This week's Project 52 theme, from the pages of "The Visual Toolbox" by David Duchemin chapters 7+8, are slowing your shutter speed and panning. This was a tough topic for me since I am all about stopping motion! Wow. We were asked to slow our shutter speed down to 1/20 to 1/60, and use our ISO and aperture to adjust our exposure, then set things in motion. Use the slow shutter to show and enhance motion in our shots. Show how some items of the photo move in relation to other aspects. Have one item still with other items in motion around it. Keep the camera still, then move the camera in other shots. Up and down, side to side, zoom in and out while keeping the shutter slow. Look for interesting effects. Next was to "pan" the camera. Focus on an element and move the camera with that element thereby blurring the environment even more. All this takes a fair amount of practice. Given the amount of time we have to execute, I know I need a lot more to pull some of this off. But, I like the technique, just need to perfect it more.
I also found that hand holding a camera at a slow shutter, especially while trying to let the motion in the shot do the talking and not the motion of the camera was challenging. A tripod with a good ball head would be a huge help, and I use some big lenses for the field work.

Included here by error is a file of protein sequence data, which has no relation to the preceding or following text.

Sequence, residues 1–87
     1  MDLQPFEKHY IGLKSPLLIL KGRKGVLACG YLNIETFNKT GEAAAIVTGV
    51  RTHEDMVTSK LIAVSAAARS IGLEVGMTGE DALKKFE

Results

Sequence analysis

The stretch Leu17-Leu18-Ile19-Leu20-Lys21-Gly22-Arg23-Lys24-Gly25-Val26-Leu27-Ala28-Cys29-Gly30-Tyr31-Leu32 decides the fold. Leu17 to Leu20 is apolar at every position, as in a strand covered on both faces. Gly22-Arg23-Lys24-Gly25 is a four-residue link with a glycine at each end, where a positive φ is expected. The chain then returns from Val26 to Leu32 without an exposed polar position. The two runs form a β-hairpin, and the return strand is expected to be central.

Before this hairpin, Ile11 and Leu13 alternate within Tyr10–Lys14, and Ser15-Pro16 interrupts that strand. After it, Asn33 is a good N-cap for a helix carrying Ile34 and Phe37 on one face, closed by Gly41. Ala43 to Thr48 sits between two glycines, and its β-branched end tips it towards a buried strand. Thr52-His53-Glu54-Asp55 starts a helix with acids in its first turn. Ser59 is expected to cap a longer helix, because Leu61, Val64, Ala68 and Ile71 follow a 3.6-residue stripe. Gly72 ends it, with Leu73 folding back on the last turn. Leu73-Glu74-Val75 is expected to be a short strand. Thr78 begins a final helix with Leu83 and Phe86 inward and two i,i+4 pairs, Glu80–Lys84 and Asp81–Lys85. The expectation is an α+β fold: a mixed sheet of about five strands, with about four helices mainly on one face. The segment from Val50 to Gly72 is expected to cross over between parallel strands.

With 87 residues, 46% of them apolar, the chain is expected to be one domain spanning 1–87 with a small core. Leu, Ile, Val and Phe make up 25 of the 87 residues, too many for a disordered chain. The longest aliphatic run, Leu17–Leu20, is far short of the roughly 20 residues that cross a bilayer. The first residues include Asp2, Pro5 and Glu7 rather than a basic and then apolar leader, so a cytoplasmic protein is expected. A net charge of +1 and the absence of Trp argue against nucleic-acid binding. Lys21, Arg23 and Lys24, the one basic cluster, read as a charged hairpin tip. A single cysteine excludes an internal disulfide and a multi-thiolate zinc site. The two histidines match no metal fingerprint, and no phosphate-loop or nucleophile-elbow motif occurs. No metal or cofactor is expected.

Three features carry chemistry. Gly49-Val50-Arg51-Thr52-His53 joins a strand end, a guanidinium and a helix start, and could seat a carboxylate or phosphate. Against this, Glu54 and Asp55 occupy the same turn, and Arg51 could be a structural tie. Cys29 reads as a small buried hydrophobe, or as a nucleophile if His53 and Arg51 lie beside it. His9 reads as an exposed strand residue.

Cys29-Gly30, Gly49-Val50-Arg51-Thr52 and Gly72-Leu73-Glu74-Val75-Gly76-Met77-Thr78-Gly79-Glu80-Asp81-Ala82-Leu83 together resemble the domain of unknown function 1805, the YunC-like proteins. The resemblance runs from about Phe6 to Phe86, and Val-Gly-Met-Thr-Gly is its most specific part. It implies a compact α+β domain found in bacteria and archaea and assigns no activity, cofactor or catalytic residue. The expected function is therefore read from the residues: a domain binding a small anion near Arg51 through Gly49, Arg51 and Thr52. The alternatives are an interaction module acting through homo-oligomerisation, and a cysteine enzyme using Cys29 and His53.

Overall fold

I asked a couple of friends to help me this week. First try was out herding at Rocking C Border Collies. I used my 70-300mm lens, set my ISO at 100 and went to work. With a fast moving Border Collie, I found a shutter speed much below 1/60th was a real challenge. The darn dogs are just too fast. Panning with anything much slower was a dismal failure for me. I could use a slightly slower shutter when not panning. I took a lot of shots, another thing I found when using any of these techniques with slow shutter, take lots to get a few!
This first one is an an attempt to show how fast the dog has to move some times to move the sheep. In this case the start of a clockwise flank to turn the sheep. ISO 100, f/20 at 1/60 sec. Good depth of field, dog in motion, and you can see the sheep's hooves moving a bit, especially the ones in front as they turn.
This second one was kind of fun, I moved the camera up and down to create some blur. ISO 100, f/20, 1/13 sec.
I like this effect, zoom out as the dog and stock moves away. This is where a tripod would have helped. I could have kept the center more in focus as I zoomed. ISO 100, f/20, 1/30 sec.
Last of the herding shots was me panning on just the dog. ISO 100, f/20, 1/40 sec.
I wanted to try something different, so I called a friend who had a large bird. Thanks Marion Montelongo! I used my f/1.8 50mm lens. In this first photo, as the bird flapped it's wings, Marion's arm moved with the motion, so the head is not in focus either, but I love how the beating of the wings at this super slow shutter almost has an x-ray effect! ISO 200, f/2.0, 1/15 sec.
I love the etherealness of the tail feathers as the bird moved. Same exposure as last shot.
Hope you enjoyed this week's topic(s). I sure had fun, and put myself way outside my comfort zone. Please continue through our blog ring to see how other pet photographers used their slow shutters! Next in line is Jodie Pholi of Jodie Pholie Images.